3. Progress Report:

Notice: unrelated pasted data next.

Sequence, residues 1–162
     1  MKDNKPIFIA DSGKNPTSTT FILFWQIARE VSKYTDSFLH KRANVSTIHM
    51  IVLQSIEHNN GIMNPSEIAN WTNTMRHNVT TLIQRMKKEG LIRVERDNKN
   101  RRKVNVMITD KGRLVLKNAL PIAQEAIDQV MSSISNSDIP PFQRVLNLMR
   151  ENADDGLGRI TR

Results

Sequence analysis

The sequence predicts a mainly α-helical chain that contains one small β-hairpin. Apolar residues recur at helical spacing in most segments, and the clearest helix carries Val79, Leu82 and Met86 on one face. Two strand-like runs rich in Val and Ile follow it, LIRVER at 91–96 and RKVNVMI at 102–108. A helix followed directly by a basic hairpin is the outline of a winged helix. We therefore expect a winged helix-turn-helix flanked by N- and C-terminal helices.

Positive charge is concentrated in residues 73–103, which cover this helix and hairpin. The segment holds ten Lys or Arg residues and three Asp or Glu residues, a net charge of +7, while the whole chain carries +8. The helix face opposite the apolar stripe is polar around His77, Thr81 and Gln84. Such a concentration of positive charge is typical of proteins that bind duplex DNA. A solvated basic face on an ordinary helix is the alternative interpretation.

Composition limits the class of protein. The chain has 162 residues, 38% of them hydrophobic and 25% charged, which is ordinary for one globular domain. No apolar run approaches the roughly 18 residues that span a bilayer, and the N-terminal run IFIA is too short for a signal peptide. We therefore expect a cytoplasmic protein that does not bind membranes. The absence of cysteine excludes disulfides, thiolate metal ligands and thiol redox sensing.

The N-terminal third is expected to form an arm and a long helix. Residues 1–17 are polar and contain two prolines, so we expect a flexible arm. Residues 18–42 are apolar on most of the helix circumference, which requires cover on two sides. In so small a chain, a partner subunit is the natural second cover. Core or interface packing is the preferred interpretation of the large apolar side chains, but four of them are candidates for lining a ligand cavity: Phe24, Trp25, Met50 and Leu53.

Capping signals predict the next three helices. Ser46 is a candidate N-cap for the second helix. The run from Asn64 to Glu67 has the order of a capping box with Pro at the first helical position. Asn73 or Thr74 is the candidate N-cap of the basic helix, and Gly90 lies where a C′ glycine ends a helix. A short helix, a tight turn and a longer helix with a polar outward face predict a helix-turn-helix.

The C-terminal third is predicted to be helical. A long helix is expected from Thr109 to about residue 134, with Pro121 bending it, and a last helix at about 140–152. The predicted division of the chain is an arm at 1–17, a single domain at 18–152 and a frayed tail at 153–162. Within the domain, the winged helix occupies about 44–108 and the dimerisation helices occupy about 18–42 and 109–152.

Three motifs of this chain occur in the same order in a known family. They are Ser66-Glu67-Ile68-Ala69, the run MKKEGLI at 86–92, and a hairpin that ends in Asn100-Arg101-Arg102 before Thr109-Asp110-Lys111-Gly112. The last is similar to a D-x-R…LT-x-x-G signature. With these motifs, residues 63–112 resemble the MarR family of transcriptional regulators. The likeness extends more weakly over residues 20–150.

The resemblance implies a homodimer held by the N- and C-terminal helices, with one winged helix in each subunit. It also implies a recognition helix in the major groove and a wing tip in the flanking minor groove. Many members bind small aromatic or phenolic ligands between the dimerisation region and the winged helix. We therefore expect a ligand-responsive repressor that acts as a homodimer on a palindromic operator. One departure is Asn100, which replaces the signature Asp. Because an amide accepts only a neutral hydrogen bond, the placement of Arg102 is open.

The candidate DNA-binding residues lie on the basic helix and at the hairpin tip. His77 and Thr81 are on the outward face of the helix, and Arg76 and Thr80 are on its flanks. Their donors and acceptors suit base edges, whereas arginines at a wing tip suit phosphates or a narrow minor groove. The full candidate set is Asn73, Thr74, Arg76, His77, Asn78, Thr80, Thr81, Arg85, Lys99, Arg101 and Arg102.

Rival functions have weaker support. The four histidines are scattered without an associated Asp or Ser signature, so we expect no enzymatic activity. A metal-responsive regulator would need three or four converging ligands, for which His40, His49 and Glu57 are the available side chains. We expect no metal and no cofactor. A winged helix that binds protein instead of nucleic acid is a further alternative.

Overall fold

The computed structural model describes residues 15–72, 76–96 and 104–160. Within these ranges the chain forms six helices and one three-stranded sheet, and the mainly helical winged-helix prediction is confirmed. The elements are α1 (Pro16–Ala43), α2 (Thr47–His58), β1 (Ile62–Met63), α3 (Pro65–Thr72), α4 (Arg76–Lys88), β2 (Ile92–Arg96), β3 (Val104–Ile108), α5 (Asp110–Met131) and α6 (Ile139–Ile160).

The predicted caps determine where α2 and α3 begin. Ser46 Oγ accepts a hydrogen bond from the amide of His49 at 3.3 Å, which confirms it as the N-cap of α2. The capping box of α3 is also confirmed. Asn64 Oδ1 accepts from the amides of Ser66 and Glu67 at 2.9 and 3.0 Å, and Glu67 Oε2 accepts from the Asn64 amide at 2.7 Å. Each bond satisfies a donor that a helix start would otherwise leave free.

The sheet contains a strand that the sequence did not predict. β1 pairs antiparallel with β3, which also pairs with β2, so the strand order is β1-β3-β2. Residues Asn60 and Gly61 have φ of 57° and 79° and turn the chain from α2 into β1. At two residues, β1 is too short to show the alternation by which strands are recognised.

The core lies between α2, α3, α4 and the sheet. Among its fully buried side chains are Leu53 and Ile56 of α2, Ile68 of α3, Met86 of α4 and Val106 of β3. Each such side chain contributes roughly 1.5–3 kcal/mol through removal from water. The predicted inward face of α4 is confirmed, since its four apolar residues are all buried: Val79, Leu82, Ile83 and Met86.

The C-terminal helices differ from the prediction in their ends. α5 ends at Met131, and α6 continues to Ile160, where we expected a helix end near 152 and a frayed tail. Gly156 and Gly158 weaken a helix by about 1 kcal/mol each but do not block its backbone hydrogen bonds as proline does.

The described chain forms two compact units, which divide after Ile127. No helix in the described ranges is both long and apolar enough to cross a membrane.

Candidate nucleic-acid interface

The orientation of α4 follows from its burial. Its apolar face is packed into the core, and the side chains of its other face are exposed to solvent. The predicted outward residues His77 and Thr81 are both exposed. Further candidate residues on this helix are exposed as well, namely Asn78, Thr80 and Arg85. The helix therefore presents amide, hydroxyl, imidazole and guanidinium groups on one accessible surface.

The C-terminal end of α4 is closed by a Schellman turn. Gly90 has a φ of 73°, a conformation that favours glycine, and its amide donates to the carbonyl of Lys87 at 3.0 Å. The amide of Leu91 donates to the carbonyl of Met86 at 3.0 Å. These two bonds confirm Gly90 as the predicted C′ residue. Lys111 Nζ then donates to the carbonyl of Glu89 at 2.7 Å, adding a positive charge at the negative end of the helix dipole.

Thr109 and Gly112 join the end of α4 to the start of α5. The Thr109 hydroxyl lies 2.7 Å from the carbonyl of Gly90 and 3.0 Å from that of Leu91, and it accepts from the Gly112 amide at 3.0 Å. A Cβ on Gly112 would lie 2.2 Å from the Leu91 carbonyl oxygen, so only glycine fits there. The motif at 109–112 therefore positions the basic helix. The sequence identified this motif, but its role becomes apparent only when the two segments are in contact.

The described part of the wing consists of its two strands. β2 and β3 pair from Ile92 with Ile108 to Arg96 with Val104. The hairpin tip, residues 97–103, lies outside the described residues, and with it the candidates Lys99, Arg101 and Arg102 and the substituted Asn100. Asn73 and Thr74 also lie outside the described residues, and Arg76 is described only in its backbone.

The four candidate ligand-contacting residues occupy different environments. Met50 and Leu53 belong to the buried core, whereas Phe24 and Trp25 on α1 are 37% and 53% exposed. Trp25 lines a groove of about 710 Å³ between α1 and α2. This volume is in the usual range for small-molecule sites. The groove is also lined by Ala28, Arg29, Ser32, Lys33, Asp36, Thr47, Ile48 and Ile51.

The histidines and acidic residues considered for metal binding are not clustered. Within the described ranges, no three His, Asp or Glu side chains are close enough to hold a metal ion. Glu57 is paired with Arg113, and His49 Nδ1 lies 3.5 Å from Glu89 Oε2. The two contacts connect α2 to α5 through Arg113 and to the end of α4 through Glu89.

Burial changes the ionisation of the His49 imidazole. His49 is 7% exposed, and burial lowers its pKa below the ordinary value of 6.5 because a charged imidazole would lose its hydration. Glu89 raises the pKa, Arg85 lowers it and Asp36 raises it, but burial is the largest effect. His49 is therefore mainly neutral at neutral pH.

Several species of mites in the genera Brevipalpus, Raoiella, Cenopalpus, Dolichotetranychus, Tenuipalpus, and Tuckerella are economically important on fruit trees, ornamental and crop plants. The number of species known in the genus Raoiella increased from 5 to 21 species. Brevipalpus phoenicis is considered the most important mite pest species affecting citrus across the world. However, while studying material from Europe, South America, Australia and the US, we discovered that B. phoenicis has been regularly misidentified, and in fact the most common species on citrus is actually another species that had been erroneously synonymized, Brevipalpus yothersi. This information is essential in the study, management and control of mite pest on crops by farmers, quarantine specialist, extension agents, state and university researchers. Collection of Tuckerella specimens and other associated tenuipalpids had been curtailed due to budgetary constraints in the past and limited travel funds in the present fiscal year. Flat mites such as red palm mites, citrus mites, scarlet flat mite, pineapple red mite, and peacock mites are devastating pests on citrus, oranges, lemons, grapefruit, tea, bananas, coconuts, date palms, olive, eucalyptus, pineapple and ornamental palms. ARS Researchers at Beltsville, MD in collaboration with the Animal Plant Health Inspection Service (APHIS) have developed an on-line lucid identification key with descriptors and numerous images using light microscopy and low temperature scanning electron microscopy. Since its launch there have been over 123,800 visits to the web site with inquiries from 180 countries. This has been a tremendous identification tool for use by farmers, extension agents, state and university researchers, government agencies and APHIS quarantine specialists in the USA and other countries like Australia, South Africa and Canada. The Collection and Taxonomic Service Unit supports with identifications and information on important mite and insect invasive and adventive species the APHIS, state departments and universities in the U.S. In FY 2013, the mite section identified 450 lots with 4664 mite specimens. The Collection and Taxonomic Service Unit for FY 2013 identified 8297 lots with 20,300 arthropod (insect and mite) specimens. It is reasonable to assume that the rate of IDs will remain constant for the rest of this FY 2013. If so, these numbers represented 75% of the total expected for this year.